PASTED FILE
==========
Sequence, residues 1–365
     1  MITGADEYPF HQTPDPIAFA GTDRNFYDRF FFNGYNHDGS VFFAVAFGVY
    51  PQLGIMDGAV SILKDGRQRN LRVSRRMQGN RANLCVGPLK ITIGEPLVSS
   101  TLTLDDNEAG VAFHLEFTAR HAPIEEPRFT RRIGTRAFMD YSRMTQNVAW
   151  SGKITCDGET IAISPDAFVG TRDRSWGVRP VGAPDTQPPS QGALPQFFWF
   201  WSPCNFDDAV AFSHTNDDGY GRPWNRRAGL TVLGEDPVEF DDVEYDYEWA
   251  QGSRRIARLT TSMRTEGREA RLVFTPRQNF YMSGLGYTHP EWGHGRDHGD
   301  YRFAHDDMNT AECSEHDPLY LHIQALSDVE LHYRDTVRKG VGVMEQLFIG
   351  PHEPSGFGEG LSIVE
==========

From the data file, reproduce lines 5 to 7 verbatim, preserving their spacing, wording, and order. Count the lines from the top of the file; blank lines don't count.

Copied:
   151  SGKITCDGET IAISPDAFVG TRDRSWGVRP VGAPDTQPPS QGALPQFFWF
   201  WSPCNFDDAV AFSHTNDDGY GRPWNRRAGL TVLGEDPVEF DDVEYDYEWA
   251  QGSRRIARLT TSMRTEGREA RLVFTPRQNF YMSGLGYTHP EWGHGRDHGD